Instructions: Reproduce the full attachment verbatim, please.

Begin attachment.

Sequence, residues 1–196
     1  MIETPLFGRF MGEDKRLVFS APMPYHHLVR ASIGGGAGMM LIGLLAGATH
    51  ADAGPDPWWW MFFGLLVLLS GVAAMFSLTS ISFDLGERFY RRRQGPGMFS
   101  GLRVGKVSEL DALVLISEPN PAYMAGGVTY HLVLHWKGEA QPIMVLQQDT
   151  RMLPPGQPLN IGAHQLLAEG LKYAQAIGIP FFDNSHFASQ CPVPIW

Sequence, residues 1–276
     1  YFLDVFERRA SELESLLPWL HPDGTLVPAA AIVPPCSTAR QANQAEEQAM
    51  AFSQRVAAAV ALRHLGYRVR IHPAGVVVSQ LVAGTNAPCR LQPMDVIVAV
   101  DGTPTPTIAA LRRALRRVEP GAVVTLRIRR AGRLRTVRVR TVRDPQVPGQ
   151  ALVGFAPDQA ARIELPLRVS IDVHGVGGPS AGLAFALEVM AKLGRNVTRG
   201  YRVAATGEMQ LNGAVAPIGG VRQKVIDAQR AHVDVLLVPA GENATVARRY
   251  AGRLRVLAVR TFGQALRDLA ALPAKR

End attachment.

Sequence, residues 1–196
     1  MIETPLFGRF MGEDKRLVFS APMPYHHLVR ASIGGGAGMM LIGLLAGATH
    51  ADAGPDPWWW MFFGLLVLLS GVAAMFSLTS ISFDLGERFY RRRQGPGMFS
   101  GLRVGKVSEL DALVLISEPN PAYMAGGVTY HLVLHWKGEA QPIMVLQQDT
   151  RMLPPGQPLN IGAHQLLAEG LKYAQAIGIP FFDNSHFASQ CPVPIW

Sequence, residues 1–276
     1  YFLDVFERRA SELESLLPWL HPDGTLVPAA AIVPPCSTAR QANQAEEQAM
    51  AFSQRVAAAV ALRHLGYRVR IHPAGVVVSQ LVAGTNAPCR LQPMDVIVAV
   101  DGTPTPTIAA LRRALRRVEP GAVVTLRIRR AGRLRTVRVR TVRDPQVPGQ
   151  ALVGFAPDQA ARIELPLRVS IDVHGVGGPS AGLAFALEVM AKLGRNVTRG
   201  YRVAATGEMQ LNGAVAPIGG VRQKVIDAQR AHVDVLLVPA GENATVARRY
   251  AGRLRVLAVR TFGQALRDLA ALPAKR